The expansion options offered by some manufacturers of scalable storage architecture enables users to expand the system based on individual requirements with capacity modules - containing only DLT cartridges to boost overall library capacity - or with modules containing additional DLT drives - to enhance total library throughput and enable more users to retrieve data more efficiently.

The cost savings of this approach can be significant. If a monolithic library system is fully populated with drives and cartridge slots, the only available option to expand is to purchase an additional separate library cabinet with additional robotics, drives, control electronics, and cartridge slots, hardly a cost-effective purchase if the only need is for additional throughput. The customer has no other option, however, as these "all-or-nothing" designs provide only a single, extremely expensive expansion option.


It would require another long article to cover all of the issues involved in determining the cost of downtime. However, it is safe to say that in the new applications environment for tape libraries, zero downtime is the only acceptable target, and a modular, fault-tolerant design that provides a level of protection against failure and down time that is simply unavailable from monolithic designs.

Estimates of the cost of downtime to an organization span a vast spectrum, from $1,000 to $100,000 per hour - even $100,000 per minute for real-time transactions. A Gartner Group report posed the question, "How do you come up with a number you're sure is accurate?" Here's the short answer: "You don't. The real cost of downtime is elusive."

To a large extent, the cost of server downtime is tied to the applications environment, producing much higher costs for transaction processing and manufacturing environments, but still expensive for any organization. The Gartner Group also points out that downtime cost computations typically only figure productivity loss to an organization; they ignore transaction loss, loss of business, or customer dissatisfaction.

With the new applications for tape libraries requiring continuous access to information stored on tape, the same zero downtime demands that have traditionally been placed on network servers are now being applied to automated tape libraries.

The highly reliable design of high-performance scalable libraries brings a new level of reliability and fault tolerance to library designs with the goal of minimizing costly downtime. Quantifying the reliability of tape library designs is an issue that has been grossly misrepresented in some circles. Specifically, vendors of monolithic library designs have depended on traditional standalone reliability analysis in an attempt to discredit the reliability of modular design. These detractors have typically referred to outdated reliability models that have proven to be invalid when applied to tape library technology.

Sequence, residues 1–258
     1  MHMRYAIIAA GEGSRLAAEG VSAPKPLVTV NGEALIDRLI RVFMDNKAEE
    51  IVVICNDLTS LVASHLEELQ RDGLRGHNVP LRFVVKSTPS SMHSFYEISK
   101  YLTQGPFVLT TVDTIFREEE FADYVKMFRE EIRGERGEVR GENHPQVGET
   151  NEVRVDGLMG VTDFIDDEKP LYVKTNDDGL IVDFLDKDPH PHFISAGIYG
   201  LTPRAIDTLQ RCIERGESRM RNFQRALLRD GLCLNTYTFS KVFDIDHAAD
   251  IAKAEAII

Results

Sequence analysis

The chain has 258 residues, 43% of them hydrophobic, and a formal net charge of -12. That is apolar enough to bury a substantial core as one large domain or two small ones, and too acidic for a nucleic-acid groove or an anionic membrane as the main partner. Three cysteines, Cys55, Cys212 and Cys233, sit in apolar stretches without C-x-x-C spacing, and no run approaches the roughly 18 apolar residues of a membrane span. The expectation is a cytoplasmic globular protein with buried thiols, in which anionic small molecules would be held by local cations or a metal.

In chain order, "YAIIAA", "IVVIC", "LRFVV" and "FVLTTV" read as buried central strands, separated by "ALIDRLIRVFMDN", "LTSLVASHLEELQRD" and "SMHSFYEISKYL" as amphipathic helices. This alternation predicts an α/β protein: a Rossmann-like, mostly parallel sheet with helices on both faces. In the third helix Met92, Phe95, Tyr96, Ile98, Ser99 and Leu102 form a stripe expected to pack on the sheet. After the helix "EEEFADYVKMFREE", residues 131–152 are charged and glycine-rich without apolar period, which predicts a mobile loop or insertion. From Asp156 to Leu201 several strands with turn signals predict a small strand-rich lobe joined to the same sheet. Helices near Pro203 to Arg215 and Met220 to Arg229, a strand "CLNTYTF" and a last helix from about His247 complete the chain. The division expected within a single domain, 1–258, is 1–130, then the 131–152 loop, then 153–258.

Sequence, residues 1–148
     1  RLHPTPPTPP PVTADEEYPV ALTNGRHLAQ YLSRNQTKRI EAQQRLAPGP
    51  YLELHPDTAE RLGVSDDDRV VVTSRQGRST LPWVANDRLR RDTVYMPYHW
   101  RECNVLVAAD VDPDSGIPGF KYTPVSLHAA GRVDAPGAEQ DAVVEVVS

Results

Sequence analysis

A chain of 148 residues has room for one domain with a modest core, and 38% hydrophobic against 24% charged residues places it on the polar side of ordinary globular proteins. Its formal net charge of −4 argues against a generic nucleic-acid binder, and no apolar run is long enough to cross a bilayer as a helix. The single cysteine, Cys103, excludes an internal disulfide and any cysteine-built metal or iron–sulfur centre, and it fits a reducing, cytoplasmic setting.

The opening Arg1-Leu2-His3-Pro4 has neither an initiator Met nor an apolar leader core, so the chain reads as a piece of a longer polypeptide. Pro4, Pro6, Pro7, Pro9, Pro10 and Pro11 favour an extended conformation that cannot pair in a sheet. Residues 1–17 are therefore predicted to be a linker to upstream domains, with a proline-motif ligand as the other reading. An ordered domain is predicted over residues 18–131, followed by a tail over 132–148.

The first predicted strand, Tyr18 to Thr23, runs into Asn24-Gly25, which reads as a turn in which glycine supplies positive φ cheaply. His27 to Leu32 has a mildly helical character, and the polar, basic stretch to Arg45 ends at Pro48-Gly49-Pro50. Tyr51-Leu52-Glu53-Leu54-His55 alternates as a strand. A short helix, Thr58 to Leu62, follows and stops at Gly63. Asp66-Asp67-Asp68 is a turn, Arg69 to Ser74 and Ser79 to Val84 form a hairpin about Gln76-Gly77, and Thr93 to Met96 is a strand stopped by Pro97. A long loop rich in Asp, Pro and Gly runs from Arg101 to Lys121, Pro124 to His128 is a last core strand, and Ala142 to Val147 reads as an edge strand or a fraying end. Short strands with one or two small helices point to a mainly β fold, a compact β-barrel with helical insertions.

According to Strategic Research, "a well-designed library with multiple drives will achieve a lower failure rate than just independent single drives because the library presents a consistent and controlled environment to the drives. Thus, the real world average failure rate for a tape library system is lower than for a combination of single drives."

That assessment of library technology runs counter to the conventional wisdom of design which proclaims as more parts are added to a system, the more likely it is to fail, with all other factors being equal. However, all things are not equal and, as noted by Strategic Research, this model for reliability does not apply to library technology.

A multiple-module installation is highly insulated against a catastrophic failure by having redundant components. Monolithic designs provide no similar insurance against component failure. Single failure points - such as control electronics or robotics - leave monolithic libraries much more susceptible to a catastrophic failure rendering the library inoperable and interrupting user access to data.